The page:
The token has, within a twisted wire outer circle, the words "AMBROSE SEWARD . IN" around a central cross pattée. The reverse has an outer twisted wire circle with "YEOVELL . IN . SOMERSET", an inner twisted wire circle and central initials "S A A".

Interestingly the token is not dated, although almost certainly mid-seventeenth century, and the lower four tokens show variations that prove that at least four issues of the token were made, probably over a period of several years.

The second example has a much thicker cross, the third example omits the word "IN" which is replaced by three small stars, while the bottom example has the three stars replaced with two dots and a star.

In 1647 the Quarter Sessions recorded that Ambrose Seaward was a 'Constable of the Borough'. In monthly Poor Rate Return it was recorded that Ambrose paid 8s 0d on a property in the Borough and a further 8s 0d on a property in Kingston.

It is most likely that the Ambrose Seaward who issued these tokens was a mercer and certainly the Woborn Muniments recorded that (another) Ambrose was a mercer in 1710 and Custos of the Almshouse in 1704 and again in 1716.

As far as I am aware, the above is a complete list of trade tokens issued in Yeovil during the seventeenth century with the exception of one issued by John Banckes of Yeavill.

Obverse --  IOHN . BANCKES = I E B   (a variety reads BANCKS)
Reverse --  OF . YEAVILL = I A B

 

This report is from the Somerset County Gazette's edition of 4 May 1867. Joseph Clarke actually ran the Mermaid Hotel, not the Swan Inn, but on its side the picture of the mermaid on the coin is easily mistaken for a swan.

 


This is a scarce copper halfpenny token from my collection issued in 1797 during the French Wars when another national shortage of currency occurred. It was produced for late eighteenth century sailcloth manufacturers Brett & Cayme of Yeovil. The obverse has script 'B&C' over 'YEOVIL' over 1797. The reverse featured a man working a large box weaving loom. It is 29mm in diameter and has a smooth edge.

At left is a token from my collection with an almost identical (compare the areas of the man's head and feet) reverse of a man working a hand loom on a token also dated 1797, but issued by Sparks & Gidleys, Linen and Woollen Girth Web Manufacturers of Crewkerne.

The same reverse design (albeit completely filling the reverse) has also been observed on a 1792 halfpenny of John Kershaw, Rochdale, Lancashire and on a 1796 halfpenny of the Sail Canvas Manufactory of Plymouth, Devon.

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Later Trade Tokens




 

        

This is an unusual Victorian trade token issued by Bristol-born Charles Gardiner who was a tea dealer, grocer, provisions merchant and wine & spirits merchant in the Borough and is only recorded in trade directories between 1850 and 1852. By 1861 he had left Yeovil. The token is 25mm in diameter. On the obverse it reads "GARDINER'S GENUINE T WAREHOUSE - MARKET PLACE - YEOVIL". On the reverse it says "EIGHT OF THESE WILL BUY AN OZ. (ounce) OF TEA AT GARDINERS - MARKET PLACE - YEOVIL".

The top image is an illustration for clarity, the lower image is the example in my collection.

 

 

The Yeovil Industrial Provident Society was an early society in Yeovil based along similar lines to the later Co-operative Society. The society began in 1858 but only lasted until 1862. The very scarce ½d dividend check or token in my collection, shown above, was issued by the society and the short life of the society dates the token with some accuracy. The token is 22mm in diameter, 0.75mm thick and made of stamped, tinned iron. A bronze one shilling token and a stamped tinned iron token for one pound are also known.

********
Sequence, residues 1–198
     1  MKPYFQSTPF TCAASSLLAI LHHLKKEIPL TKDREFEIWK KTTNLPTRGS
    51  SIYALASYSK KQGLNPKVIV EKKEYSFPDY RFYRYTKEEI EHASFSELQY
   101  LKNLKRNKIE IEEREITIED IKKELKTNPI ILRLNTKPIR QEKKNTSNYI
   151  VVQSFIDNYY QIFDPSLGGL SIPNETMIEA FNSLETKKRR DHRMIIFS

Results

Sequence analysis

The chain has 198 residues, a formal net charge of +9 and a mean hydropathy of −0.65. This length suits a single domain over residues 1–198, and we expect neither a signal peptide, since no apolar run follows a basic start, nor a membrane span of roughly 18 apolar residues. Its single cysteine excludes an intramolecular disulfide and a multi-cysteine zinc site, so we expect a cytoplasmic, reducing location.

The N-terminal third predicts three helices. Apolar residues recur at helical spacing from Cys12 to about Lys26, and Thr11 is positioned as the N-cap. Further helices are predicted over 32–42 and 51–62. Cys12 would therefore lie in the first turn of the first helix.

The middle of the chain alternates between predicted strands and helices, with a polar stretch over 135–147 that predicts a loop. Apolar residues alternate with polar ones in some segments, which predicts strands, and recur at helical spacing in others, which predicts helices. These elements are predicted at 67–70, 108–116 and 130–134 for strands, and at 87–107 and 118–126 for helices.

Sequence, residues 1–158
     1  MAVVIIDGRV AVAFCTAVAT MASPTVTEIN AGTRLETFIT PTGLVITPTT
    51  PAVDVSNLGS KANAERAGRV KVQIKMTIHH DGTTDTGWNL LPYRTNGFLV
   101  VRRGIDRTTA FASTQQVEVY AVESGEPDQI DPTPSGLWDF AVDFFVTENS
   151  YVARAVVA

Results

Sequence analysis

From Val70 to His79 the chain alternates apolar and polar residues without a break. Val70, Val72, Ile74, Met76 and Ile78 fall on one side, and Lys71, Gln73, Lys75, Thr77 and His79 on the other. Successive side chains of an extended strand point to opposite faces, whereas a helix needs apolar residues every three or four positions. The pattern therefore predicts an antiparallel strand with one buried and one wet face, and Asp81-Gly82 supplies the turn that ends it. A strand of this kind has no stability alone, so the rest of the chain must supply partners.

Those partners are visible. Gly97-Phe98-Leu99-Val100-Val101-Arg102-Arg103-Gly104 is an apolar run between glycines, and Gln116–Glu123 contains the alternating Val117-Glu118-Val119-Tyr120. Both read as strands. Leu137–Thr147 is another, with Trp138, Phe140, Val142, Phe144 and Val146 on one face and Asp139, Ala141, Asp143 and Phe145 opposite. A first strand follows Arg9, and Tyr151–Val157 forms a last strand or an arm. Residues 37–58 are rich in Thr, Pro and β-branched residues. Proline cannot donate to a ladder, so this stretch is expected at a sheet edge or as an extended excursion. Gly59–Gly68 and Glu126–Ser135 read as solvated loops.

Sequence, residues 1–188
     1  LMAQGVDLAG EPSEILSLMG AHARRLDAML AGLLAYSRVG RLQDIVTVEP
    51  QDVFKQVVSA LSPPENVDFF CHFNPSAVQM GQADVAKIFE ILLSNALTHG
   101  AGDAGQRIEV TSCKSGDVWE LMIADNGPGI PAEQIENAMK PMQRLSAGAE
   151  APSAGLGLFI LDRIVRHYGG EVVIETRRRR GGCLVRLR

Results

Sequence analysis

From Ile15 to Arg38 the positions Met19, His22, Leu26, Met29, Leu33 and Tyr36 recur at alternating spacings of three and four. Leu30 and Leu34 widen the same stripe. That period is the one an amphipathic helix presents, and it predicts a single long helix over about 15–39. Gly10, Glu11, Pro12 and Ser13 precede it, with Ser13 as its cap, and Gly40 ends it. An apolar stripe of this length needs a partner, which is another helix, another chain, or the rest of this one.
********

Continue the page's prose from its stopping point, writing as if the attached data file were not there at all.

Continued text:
A bronze commodity token, from my collection, issued by the Yeovil & District Co-operative Society for a pint of milk. This type of token started to come into use after the First World War. They could be purchased at the local co-op as required, or in bulk and the value credited to your dividend account. The tokens could be left out or given to the delivery man meaning deliveries were speeded up as no cash was involved or change given. This token is 27mm point-to-point, 25.3mm flat-to-flat. Obverse and reverse are identical. An oval bronze token for a half pint of milk is also known. When the price of the commodity was altered a token of a different shape or different colour was usually issued to denote this, especially with the later Yeovil plastic tokens which are known in green, yellow, cream, turquoise or red.

 

 

These tokens, or 'Store Currency', from my collection, were introduced at Denner's store in High Street in the 1950s. Originally paper notes for 6d,
2s 6d, 10s and £1 were introduced and specimens are held in the Somerset County Museum collection. However, with frequent handling the notes became worn so the lower denominations were made from metal as seen here.

The earlier issue post-decimalisation 5p and 10p at left have milled edges, the later issue, at right, have plain edges. A 50p token is also known.

Tokens appear to have been discontinued in the store by the mid-1980s.

 

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Friendly Society Tokens

 

This extremely rare two-penny token from my collection was issued by the Yeovil Guardian Friendly Society. The society, founded on 29 June 1835, had its headquarters at the Mermaid Hotel. By 1863 it had 342 members and capital of £3,930. The society often paraded at local events with their banner including the opening of the railway in Yeovil in 1853.